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Review: Nobukazu Takemura Songbook

Label: Bubble Core

Songbook is a tale sung in the native tongue of Moondonia. The mushroom people of this purple land live in lakes of rainbow glass. They pluck silver grapes from translucent octopi arms and whistle all the while. Nobukazu Takemura and his vocal sidekick Aki Tsuyoko bring Earth its first taste of the Moondonian dialect. It comes in soft, circular fragments, like the lullabies of baby pearls. Melodic lyrics float on soft cushions of analog synthesis and kaleidoscopic vibraphone sputters. Syncopated drum grooves bounce electric raindrops off glowing gopher heads. Read more » 

Review: Vessel Dreaming in Paris

Label: Expanding

Stealing fire from Warp and a page from Aphex Twin, Vessel cook up highly unoriginal IDM. Braindaince wouldn't be braindance if it wasn't a little dreamy, but these guys are laid back to the point of coma-inducement. They embellish their songs with the latest in squishy glitch drums, but include unneeded electro keys that destroy the shiny-new-sound feel that marks IDM's experimentalism. Dreaming in Pairs sounds like it should have been served around 1998-it's basically a great dish ruined by being left out in the cold. Read more » 

Review: Supersilent 6

Label: Rune Grammofon

Supersilent has always been difficult to label. Their darkly atmospheric mix of electronics (processing, vintage synthesizers and the like) and acoustic instruments (trumpet, drums and the occasional guitar) seems to fall somewhere in the vast no-man's land separating post-rock, out jazz, and abstract electronic music. This fourth release by the Norwegian quartet finds the group in fine, brooding form. Read more » 

Review: Styrofoam I'm What's There to Show That Something's Missing

Label: Morr

Arne van Petegem was once easy to overlook in the middle of Morr's roster of mellow, blissfully melancholy electronicists. No more-this time around, he keeps the slowed-down programming and DSP jabber, and slots in his own vocals. Van Petegem's wan, human voice is front-and-center amidst instrumentals as goopy and complex as any Mouse on Mars tunes, creating a perfect abstract pop album, the inverse negative of Schneider TM's carefree Zoomer from last year. Read more »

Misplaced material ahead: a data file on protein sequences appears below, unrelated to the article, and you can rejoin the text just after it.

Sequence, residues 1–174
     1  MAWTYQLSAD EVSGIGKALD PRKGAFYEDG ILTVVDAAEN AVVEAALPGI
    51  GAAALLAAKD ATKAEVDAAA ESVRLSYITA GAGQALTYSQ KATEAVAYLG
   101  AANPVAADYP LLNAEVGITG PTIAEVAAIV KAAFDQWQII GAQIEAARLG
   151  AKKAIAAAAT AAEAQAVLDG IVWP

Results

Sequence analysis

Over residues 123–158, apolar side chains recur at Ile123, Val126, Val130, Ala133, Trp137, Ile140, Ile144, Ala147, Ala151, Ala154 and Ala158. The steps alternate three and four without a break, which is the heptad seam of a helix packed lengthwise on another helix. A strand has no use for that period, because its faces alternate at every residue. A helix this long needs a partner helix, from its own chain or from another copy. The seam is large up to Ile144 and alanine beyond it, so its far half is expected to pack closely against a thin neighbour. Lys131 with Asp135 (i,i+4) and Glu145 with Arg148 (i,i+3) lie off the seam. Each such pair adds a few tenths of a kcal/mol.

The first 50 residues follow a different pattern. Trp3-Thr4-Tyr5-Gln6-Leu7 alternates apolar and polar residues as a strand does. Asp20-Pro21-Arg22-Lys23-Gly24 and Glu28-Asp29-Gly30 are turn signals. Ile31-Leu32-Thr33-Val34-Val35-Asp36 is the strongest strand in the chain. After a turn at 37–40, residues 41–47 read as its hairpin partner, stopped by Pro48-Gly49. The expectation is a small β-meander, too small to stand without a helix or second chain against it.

Review: Sterling S/t

Label: File 13

Screw Detroit-Chicago is the place to be if you're an indie music lover. Now File Thirteen Records has thrown its hat into the hype ring with the self-titled offering from Sterling, and the fit is formidable. Sterling's style sticks faithfully to the angular post-rock path taken by Godspeed You Black Emperor! Read more » 

Review: Odd Nosdam No More Wig for Ohio

Label: Anticon

One of the savants behind the awesome cLOUDDEAD and the awful Reaching Quiet, odd nosdam keeps his music as lowercase as his name and titles. He also makes eccentricity his guiding principle, which is why No More Wig For Ohio is hip-hop's answer to The Faust Tapes. The first half of Ohio has more in common with Faust's Dadaist collage aesthetic and the pranksterish genre-hopping of Evolution Control Committee and Nurse With Wound than with underground-hip-hop orthodoxy. It's one fucked-up trip. Read more » 

Review: Sidestepper 3 A.M. (In Beats We Trust)

Label: Palm

While many producers and DJs are content to pilfer a culture's musical heritage merely by sifting through stacks of vinyl, for others the allure of the heartland itself is impossible to deny. Richard Blair is one of the latter, a journeyman Brit who took off for the warmer climes of Columbia and Jamaica in search of inspiration. Sidestepper is the result, and it calls to mind similar fusions by acts like Up, Bustle and Out, the alter-ego of fellow Englishman Rupert Mould, who traveled to Spain and Cuba for his own recordings. Read more » 

Review: Ralph Myerz and the Jack Herren Band A Special Album

Label: Emperor Norton

Ironic nu-soul lounge of decidedly Northern European flavor, this tongue-in-cheek excursion fits the late-'60s early-'70s nuance with a fondue-like catchiness. A tiki-bar aesthetic wrapped in the hipster knowingness of cosmopolitan living, the electronics are nearly Jimi Tenor in style, indie rock in arrangement. The final production is topped with a dash of buoyant flashiness. Perfectly in tune with the discriminating yet mockingly authoritative party host, this CD would do justice on any in-the-know's play list. Read more » 

Review: Mouse on Mars Glam

Label: Thrill Jockey

It's understandable why Josh Evans rejected the Mouse on Mars soundtrack for his film, Glam. Imagine audiences flinching from the sounds of mechanical dragonflies zig-zagging on a pond to flee from a blaring boombox nearby...while they try to seriously watch Tony Danza(!) slug a transvestite. This 1997 movie with such brilliant scenes fell straight into the video mausoleum. MoM then released their project in a scant, vinyl-only supply on their Sonig label. Thrill Jockey now reissues Glam, leaving more of us with the mice men's most accomplished work. Read more » 

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